Pedant’s corner:- “By and bye” (numerous instances, it is – and always has been – by and by,) “the oddest thing about it were his bright brown eyes” (the oddest thing was his eyes,) disk-throwing (disc-throwing,) Sphaeros’ (Sphaeros’s,) span (x2, spun,) Agis’ (Agis’s,) Panteus’ (Panteus’s,) Lycurgus (elswhere Lycurgos,) sewed (sewn, as in the line above!) “none of them were very sure” (none of them was very sure,) “the Achæan League .. begin to be afraid of Sparta” (the league begins to be afraid,) waggons (I prefer wagons,) Plowing Eve, plow, plow-beam, plowed, plowing (yet plough-ox,) Disdallis’ (Disdallis’s,) “aren’t I?” (did the ancient Greeks actually use this ungrammatical formulation? Besides Mitchison is Scottish. “Amn’t I?” is more grammatical and the natural Scottish usage,) Agiatis’ (Agiatis’s,) Phoebis’ (Phoebis’s,) Apelles’ (Apelles’s,) “none of the traders know Plato from Pythagoras” (none of the traders knows,) slue himself round (slew,) Antigonos’ (Antigonos’s,) Kleomenes’ (Kleomenes’s,) “this intolerable burden o planning” (of planning, the “o” occurred at a line’s end. Make of that what you will,) Krateskleia (elsewhere Kratesikleia,) stronglier (usually expressed as “more strongly”,) Themisteas’ (Themisteas’s,) Berris’ (Berris’s.) “The party in Sparta that hated him and his revolution prepare to welcome..” (the party prepares,) Agathokles’ (Agathokles’s,) Sosibios’ (Sosibios’s,) a missing comma before the start of a piece of dialogue, Nikomedes’ (Nikomedes’s,) a missing start quote mark at the beginning of a piece of dialogue, “a whole sleeping part of her had awoke,” (awoken,) Neolaidas’ (Neolaidas’s,) “none of the crowd were in the least willing” (none was willing,) “like polished sards” (shards?)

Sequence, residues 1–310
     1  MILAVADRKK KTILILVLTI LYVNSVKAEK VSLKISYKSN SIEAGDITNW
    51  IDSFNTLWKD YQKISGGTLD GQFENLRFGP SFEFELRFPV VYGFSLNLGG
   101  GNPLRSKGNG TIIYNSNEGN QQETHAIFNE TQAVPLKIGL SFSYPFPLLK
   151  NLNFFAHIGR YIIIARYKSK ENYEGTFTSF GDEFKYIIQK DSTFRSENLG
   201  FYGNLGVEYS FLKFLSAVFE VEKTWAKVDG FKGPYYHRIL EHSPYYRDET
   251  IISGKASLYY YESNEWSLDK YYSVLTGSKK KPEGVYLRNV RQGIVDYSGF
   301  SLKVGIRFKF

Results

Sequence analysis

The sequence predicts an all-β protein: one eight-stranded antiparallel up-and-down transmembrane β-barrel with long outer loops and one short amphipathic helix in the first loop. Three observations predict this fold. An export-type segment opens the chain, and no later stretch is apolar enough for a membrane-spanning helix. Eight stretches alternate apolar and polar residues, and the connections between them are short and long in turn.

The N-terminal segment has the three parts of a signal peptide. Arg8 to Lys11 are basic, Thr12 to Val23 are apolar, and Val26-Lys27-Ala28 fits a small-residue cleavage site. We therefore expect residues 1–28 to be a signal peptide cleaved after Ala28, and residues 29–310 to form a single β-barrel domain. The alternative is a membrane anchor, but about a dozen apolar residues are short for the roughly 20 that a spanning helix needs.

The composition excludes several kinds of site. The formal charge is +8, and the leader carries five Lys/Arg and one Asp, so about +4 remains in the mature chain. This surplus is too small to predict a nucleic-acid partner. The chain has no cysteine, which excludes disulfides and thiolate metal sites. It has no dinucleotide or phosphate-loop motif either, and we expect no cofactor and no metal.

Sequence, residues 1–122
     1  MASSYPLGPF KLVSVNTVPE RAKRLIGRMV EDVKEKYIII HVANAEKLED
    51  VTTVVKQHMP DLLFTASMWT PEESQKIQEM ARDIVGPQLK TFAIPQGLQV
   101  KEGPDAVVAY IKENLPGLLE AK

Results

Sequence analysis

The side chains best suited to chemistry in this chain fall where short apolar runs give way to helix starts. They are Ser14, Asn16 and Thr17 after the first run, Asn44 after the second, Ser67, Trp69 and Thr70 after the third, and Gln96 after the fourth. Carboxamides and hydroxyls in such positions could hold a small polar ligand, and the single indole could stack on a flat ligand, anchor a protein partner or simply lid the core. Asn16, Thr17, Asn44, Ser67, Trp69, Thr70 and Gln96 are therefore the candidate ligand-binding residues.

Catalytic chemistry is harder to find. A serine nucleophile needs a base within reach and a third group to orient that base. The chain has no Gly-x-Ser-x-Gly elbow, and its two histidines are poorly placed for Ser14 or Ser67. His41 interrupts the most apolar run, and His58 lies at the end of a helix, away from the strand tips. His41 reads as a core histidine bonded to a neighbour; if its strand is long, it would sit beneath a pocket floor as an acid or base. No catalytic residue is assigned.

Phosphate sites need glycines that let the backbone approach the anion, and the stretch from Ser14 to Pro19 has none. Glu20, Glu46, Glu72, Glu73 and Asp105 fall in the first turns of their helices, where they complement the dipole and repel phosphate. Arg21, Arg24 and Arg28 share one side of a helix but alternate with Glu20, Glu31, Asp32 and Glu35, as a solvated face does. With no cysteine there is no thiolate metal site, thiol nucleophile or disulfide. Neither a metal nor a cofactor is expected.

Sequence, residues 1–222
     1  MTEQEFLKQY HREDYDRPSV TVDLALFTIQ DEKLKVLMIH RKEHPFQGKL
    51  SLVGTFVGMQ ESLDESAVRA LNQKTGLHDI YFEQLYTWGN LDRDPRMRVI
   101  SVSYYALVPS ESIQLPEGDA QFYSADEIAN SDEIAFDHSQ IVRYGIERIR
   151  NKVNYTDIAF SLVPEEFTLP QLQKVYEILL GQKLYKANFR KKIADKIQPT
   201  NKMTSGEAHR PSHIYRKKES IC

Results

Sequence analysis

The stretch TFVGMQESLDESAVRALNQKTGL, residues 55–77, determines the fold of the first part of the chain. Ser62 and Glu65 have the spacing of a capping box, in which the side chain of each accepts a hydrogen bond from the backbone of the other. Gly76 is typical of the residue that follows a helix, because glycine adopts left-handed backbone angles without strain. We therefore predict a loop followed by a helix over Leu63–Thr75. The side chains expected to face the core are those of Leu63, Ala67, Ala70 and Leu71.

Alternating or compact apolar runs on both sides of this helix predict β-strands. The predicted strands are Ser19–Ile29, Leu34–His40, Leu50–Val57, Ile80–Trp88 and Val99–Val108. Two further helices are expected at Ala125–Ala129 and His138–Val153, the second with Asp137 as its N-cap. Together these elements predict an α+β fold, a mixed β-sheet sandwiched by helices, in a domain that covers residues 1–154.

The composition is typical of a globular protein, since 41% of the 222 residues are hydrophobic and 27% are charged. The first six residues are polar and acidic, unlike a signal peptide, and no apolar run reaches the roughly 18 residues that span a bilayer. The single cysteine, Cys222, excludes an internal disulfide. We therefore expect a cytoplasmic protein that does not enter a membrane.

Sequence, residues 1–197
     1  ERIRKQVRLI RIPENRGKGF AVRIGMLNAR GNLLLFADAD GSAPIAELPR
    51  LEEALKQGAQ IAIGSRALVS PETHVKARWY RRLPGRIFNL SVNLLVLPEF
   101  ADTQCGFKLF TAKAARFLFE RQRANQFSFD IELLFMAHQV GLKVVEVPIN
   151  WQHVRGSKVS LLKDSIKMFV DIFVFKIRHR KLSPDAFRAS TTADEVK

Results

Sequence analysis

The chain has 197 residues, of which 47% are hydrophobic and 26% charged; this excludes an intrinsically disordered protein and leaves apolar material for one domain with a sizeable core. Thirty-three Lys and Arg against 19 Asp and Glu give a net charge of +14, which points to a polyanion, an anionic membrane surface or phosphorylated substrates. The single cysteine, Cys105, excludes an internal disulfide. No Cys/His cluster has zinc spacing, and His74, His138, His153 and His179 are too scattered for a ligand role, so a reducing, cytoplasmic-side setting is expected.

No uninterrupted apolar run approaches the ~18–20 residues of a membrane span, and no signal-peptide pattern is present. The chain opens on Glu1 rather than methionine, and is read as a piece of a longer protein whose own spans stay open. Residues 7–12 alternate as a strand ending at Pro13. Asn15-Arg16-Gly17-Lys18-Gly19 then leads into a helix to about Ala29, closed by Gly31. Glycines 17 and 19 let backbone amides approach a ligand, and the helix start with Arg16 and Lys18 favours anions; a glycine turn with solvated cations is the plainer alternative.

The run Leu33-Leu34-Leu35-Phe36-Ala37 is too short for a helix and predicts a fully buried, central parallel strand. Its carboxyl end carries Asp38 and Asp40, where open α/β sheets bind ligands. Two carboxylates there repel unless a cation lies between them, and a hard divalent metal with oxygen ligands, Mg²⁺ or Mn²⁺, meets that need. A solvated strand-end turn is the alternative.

The Abbess of Crewe by Muriel Spark

Penguin, 1977, 104 p.

The Abbess of Crewe cover

On its surface a tale of nefarious goings-on in a nunnery involving electronic eavesdropping, a nun’s assignations with a Jesuit and a stolen thimble, all against a backdrop of an election for the post of Abbess, the cover’s assertion that it is “a wicked satire on Watergate” could nowadays be applied to political machinations more widely.

Sister Felicity had been stirring up the nuns before the election with her stance on what you could designate as modernity, certainly in her espousal of sexual freedom (she is the one nipping off Compline or Nunes or Lauds or Vespers to meet with her Jesuit,) but the old guard, Alexandra and Walburga, even if their disapproval of her activity is nuanced, (‘I must say a Jesuit, or any priest for that matter, would be the last man I would elect to be laid by,’ says Alexandra. ‘A man who undresses, maybe; but one who unfrocks, no.’ To which Walburga observes – in a sentence that shows such proclivities on the part of clerics were never exactly a secret in some circles – ‘That type of priest usually prefers young students’) is determined she should not prevail.

As could sometimes be her wont Spark does not present us with a straightforward linear narrative, chapters set pre- and post the Abbess’s election being scattered throughout the short tale. Occasional lighter moments arise in the content of telephone calls to Sister Gertrude, off doing good works in Africa.

There are occasional bons mots such as, ‘Philosophers, when they cease philosophising and take up action are dangerous,’ and, “‘Invariably a man you feed both ends,’ Gertrude says. ‘You have to learn to cook and to do the other,’” and it’s all very readable, but somehow off-hand.